Political interpretation of assassinations

Yesterday (March 8th 2008), the daughter of the slain former town councilor (Isaías Carrasco, killed by ETA last Friday), called for high turnout at today’s general elections in Spain, asked his father’s killing not to be used politically, and ended her speech cursing the assassins.

Her wish of high turnout is elemental and necessary, and it is also desirable in this general election, regardless of whether it is advantageous for one political party or another, as some say. The curse directed at the assassins is natural, understandable, and I fully back her in expressing it.

However, unfortunately, the very killing of her father, like every other terrorist killing (ETA’s or not), is a political act. Those killers intend to do politics by killing, and precisely for this reason, it is mandatory that the response from individuals, society and politicians is a political response.

Despite her wishes to avoid any political utilization of this killing, that is sadly impossible, as the killing itself was politically motivated. It was the assassins who turned the tragic death into a political event. Politicians and regular people are not to blame for making Carrasco‘s death a political issue.

Most political analysts in Spain claim that high turnout at the elections normally benefits the PSOE. Most likely such high turnout is what ETA was after by getting a PSOE member killed just two days before the election, to cause a feeling of empathy for the PSOE, due to the relationship of the slain councilor with that party.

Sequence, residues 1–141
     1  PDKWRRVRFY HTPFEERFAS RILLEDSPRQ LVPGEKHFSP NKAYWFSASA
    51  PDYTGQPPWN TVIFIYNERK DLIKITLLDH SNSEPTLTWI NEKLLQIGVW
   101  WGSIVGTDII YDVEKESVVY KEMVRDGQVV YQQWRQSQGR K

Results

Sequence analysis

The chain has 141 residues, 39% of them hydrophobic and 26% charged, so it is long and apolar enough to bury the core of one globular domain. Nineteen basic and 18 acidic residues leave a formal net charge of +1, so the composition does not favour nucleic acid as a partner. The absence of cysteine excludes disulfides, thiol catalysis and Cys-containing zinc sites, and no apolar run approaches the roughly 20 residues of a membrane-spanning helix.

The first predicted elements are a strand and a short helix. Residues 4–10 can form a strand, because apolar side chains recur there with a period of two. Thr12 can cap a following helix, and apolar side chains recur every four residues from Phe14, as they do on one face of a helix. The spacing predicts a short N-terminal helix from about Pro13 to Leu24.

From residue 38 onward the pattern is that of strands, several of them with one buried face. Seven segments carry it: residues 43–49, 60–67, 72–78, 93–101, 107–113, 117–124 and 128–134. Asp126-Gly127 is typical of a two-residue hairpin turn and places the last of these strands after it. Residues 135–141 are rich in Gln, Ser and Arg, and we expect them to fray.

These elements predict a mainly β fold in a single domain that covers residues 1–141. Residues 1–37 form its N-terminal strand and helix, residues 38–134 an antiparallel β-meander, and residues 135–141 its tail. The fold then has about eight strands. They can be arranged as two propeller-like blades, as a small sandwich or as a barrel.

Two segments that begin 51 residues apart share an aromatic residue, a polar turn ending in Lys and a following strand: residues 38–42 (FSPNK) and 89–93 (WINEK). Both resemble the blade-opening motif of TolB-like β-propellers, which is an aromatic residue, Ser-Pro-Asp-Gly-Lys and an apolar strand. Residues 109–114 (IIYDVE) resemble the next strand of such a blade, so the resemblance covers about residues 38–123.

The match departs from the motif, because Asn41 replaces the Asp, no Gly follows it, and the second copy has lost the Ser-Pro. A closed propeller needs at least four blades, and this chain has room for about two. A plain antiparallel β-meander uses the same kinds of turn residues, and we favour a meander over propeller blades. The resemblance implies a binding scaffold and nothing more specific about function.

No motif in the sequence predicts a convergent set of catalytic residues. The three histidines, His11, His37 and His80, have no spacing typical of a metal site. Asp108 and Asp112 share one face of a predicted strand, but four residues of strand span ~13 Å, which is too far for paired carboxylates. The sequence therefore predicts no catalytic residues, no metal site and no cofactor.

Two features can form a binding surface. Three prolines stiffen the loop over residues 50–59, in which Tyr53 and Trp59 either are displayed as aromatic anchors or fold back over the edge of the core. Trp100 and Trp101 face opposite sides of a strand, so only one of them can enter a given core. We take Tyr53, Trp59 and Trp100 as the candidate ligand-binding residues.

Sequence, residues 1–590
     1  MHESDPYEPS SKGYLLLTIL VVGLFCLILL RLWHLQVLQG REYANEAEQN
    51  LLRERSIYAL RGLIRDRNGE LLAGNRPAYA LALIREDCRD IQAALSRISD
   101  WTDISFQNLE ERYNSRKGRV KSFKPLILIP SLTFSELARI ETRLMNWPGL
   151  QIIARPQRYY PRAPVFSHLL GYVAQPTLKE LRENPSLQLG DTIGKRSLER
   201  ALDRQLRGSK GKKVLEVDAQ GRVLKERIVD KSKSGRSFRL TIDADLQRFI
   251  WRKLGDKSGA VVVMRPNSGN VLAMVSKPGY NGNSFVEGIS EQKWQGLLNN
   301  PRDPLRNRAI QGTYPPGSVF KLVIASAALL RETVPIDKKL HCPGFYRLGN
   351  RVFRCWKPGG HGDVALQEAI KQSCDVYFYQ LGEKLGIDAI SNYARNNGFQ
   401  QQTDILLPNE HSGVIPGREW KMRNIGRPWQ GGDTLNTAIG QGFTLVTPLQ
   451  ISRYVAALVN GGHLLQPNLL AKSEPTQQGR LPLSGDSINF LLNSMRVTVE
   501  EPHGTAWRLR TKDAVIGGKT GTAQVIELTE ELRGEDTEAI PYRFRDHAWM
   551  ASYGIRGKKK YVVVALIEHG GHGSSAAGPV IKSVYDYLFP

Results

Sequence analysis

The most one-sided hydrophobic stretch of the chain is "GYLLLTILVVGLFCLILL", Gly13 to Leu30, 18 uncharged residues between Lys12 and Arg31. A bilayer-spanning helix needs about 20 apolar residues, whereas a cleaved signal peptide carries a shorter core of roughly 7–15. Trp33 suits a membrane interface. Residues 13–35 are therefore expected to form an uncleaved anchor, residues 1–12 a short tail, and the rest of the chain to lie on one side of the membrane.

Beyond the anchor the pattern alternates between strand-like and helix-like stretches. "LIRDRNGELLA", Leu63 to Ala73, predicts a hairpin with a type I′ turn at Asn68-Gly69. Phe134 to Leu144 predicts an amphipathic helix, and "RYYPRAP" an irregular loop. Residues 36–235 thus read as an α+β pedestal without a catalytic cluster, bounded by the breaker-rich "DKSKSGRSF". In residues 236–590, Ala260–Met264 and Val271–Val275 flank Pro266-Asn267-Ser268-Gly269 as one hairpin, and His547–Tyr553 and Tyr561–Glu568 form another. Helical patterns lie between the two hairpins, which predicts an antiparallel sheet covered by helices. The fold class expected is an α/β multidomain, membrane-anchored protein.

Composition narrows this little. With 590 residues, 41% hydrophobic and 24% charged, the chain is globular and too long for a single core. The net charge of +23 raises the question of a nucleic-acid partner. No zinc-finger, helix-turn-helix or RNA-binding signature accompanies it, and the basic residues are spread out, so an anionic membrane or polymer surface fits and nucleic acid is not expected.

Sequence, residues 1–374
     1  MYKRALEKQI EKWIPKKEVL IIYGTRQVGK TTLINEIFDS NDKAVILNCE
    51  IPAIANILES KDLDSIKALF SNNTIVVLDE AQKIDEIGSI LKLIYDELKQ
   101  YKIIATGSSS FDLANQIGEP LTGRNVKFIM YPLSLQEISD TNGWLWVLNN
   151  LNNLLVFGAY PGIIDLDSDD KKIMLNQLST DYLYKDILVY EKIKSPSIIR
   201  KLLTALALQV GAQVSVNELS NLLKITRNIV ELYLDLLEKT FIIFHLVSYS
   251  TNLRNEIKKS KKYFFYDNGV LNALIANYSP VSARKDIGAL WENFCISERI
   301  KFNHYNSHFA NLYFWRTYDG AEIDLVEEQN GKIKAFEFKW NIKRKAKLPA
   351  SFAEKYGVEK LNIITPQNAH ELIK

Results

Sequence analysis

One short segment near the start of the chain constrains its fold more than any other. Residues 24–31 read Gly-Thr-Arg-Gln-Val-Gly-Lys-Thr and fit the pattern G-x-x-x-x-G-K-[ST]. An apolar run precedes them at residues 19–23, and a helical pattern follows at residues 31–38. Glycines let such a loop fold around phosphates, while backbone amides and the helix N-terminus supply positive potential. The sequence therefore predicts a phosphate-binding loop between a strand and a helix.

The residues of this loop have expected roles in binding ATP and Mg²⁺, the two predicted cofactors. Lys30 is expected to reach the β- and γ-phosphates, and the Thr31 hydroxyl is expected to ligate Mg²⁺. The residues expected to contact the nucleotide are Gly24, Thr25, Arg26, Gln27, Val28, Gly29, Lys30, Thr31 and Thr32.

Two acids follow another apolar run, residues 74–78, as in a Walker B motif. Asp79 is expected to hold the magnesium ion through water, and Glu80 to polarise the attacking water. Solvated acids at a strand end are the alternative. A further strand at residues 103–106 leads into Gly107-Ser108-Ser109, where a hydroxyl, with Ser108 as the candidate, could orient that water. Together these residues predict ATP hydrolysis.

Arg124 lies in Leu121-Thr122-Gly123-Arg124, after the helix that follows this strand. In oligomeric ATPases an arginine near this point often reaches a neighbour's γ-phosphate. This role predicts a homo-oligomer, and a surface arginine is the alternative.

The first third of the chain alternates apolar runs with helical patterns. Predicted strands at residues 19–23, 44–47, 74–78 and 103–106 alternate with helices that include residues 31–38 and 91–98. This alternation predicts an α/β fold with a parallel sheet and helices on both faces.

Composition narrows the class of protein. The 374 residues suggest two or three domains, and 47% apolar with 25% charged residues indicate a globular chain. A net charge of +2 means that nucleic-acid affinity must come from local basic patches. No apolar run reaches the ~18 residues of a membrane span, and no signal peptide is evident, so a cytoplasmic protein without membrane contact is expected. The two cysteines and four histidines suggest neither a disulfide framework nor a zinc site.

If Carrasco‘s family support for high turnout is eyeing a victory by PSOE in the general election, in the belief that PSOE would represent the best solution to terrorism, I am afraid such posing is erroneous.

The high turnout at the general election is important, and will only be useful if the resulting government takes the necessary measures to end the blackmailing, the terrorism and the intolerance that the Basque Country people is subjected to by ETA and its supporting environment.

Sadly, if the PSOE (socialist party) heads the next government, it will likely follow the strategy of the dialogue with ETA, already initiated by some of Carrasco‘s colleagues (PSOE members) in past 4 years. Dialogue with ETA helps only to validate their methods.

I can only hope the PSOE will come to realize that their strategy is flawed, and correct their course of action as soon as possible.

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